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 Post subject: Bossov Ballet Theatre
PostPosted: Thu Mar 08, 2007 2:55 pm 
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Joined: Tue Jan 04, 2000 12:01 am
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Location: Seattle, WA, USA
An interesting background story on Bossov Ballet Theatre, a residential training program in Pittsfield, Maine, by Stacey Chase in the Christian Science Monitor:

CS Monitor


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PostPosted: Fri Mar 09, 2007 4:16 pm 
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Joined: Fri Oct 29, 2004 11:01 pm
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Location: USA (Midwest)
It's a fascinating article to be sure, but there is one detail that troubles me: the casual mention of the bruising on the dancers. At no school that my children have danced at have I ever noticed bruises, nor would I consider them a normal consequence of ballet training. Here and there OK, but not enough to draw a reporter's attention as if they are a normal thing. But maybe that's just my interpretation of the sentence?

I know there has been some controversy about how the school is run, but since it's hearsay (to me at least), I'll just try to appreciate the article for its look at the school's unusual roots.


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PostPosted: Fri Mar 09, 2007 5:24 pm 
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Location: Canada
Bruising does seem to be a bit odd, at least for younger dancers. Bruises are a regular side effect of professional level partnering and the occasional rehearsal collision - but I can't imagine these dancers are doing much partnering, let alone of that kind of complexity.

Kate


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PostPosted: Sat Mar 10, 2007 9:03 am 
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Bruising from too-complex or age-inappropriate partnering actually would jibe with what seems to be an increasingly normal facet of "Russian-style" training in US programs. I've had this explained to me by a number of teachers and I've certainly seen evidence of it in several schools and in many of these competitions that are springing up. Even though, as I understand it, Russian-style training actually goes at a fairly slow, deliberate pace (and doesn't even start til age 10 in Russia), in the US, the technical complexity gets cranked up at fairly young ages. The teachers will complain that it's because the parents demand it. The parents complain that it's what the teachers want. (and the competitions certainly reward it :? ) Somewhere in the middle is the truth, I'm sure!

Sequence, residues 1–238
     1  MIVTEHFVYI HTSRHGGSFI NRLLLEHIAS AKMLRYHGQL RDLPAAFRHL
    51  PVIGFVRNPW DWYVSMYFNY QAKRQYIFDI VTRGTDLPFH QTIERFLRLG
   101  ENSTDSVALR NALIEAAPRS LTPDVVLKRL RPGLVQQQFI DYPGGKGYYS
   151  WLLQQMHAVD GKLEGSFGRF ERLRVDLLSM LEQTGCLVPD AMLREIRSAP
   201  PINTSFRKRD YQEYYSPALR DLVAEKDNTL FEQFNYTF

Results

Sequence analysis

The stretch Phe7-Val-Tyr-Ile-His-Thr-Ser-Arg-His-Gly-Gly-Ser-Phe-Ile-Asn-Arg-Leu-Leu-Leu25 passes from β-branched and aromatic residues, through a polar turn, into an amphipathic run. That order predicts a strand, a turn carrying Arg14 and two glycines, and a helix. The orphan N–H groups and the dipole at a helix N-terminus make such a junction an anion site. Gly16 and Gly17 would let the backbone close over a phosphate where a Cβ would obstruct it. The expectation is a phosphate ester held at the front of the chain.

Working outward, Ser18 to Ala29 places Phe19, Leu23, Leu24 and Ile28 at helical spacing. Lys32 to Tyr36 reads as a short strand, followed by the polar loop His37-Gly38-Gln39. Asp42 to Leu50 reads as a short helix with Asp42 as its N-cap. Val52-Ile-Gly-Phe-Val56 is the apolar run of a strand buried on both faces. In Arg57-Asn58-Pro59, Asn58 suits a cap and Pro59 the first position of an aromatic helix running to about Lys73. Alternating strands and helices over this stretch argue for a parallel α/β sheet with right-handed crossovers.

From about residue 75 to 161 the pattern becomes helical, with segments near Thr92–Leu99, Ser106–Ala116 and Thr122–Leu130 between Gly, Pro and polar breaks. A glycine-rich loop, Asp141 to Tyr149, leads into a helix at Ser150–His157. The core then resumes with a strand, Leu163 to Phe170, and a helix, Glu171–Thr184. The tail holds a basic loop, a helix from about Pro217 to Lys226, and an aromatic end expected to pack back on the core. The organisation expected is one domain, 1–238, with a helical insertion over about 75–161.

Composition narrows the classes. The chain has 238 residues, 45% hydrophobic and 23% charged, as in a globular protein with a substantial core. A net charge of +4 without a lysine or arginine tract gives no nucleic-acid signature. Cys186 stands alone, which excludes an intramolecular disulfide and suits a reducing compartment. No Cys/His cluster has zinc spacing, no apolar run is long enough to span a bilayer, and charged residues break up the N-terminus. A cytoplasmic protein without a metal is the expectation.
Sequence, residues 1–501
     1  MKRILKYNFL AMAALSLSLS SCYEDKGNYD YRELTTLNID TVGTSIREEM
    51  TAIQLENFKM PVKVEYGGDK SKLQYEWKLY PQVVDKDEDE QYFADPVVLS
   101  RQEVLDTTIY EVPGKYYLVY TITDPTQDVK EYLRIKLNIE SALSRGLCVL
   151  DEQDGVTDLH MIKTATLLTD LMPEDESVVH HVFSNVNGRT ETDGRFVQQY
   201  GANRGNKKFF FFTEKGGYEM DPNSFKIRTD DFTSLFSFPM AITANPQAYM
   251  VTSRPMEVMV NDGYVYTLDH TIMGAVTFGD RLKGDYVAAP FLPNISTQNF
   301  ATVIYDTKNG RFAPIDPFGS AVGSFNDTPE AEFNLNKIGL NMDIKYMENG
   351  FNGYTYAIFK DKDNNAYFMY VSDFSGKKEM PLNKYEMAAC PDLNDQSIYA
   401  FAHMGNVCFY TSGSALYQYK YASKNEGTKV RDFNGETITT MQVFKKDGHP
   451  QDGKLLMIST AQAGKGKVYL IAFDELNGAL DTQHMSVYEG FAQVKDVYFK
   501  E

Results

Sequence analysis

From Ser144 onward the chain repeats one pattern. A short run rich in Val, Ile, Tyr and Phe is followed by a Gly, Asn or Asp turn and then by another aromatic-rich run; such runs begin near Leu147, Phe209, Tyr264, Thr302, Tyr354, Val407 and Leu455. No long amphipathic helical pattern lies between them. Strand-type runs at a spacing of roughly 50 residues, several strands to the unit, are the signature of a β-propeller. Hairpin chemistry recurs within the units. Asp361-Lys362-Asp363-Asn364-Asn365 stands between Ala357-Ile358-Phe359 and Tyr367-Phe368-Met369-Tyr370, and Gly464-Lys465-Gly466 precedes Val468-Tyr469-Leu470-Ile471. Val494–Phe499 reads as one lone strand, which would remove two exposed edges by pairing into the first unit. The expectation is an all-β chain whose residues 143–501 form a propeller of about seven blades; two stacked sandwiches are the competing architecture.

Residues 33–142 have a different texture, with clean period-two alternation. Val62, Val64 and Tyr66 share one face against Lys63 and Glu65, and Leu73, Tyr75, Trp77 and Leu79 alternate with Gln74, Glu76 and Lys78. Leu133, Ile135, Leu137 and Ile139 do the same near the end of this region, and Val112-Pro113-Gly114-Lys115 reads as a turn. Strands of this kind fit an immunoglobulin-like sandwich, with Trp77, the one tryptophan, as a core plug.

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PostPosted: Sat Mar 10, 2007 12:33 pm 
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Location: Canada
And unfortunately the pressure will continue as long as these YAGP style competitions keep being created. I was disappointed to read that YAGP is now affiliated with the Prix de Lausanne in that finalists of one will not have to qualify for the other.

The Prix de Lausanne has always been one of the few competitions that - from my perspective - has been responsible in both health and dance issues. YAGP, unfortunately, whilst a good opportunity at the upper levels, is full of too-young girls on pointe doing very age inappropriate choreography. I shudder to think at the feet destroyed and time lost from technique classes in all the preparations. I feel strongly that YAGP needs to ditch all but the junior and senior levels, but it's probably a money issue.

I think it's very much of a 'want to do it all...now' kind of world, particularly in the US and parts of Asia. The European ballet academies tend to take it slowly and carefully, picking only the best suited body types and starting out with just an hour of class a day.

As to partnering - definately no need to rush it. It wasn't until a year or two ago that dancers at the Royal Danish Ballet school did ANY partnering until they became apprentices at 16. Since - especially the male apprentices - tend to get thrown right into things - it was decided that they should learn the basics of pas de deux before becoming apprentices - but most of it does not include lifts or the like.

I fear we will soon see a generation of dancers who end up with destroyed bodies. The problem is that the young dancers see the glory and the beauty, but don't see the pain and problems. For instance, Alina Cojocaru looks the epitome of balletic grace and beauty, but her feet and her foot injuries bear witness to being put on pointe at age 9 or so. Not a pretty thing.

Kate


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PostPosted: Sat Apr 28, 2007 8:42 pm 
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Joined: Wed Apr 25, 2007 4:32 pm
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Location: New England
"bruises showing through their opaque tights"
If this was referring to the female dancer interviewed in the article, it was actually icy hot grease stains on her tights.


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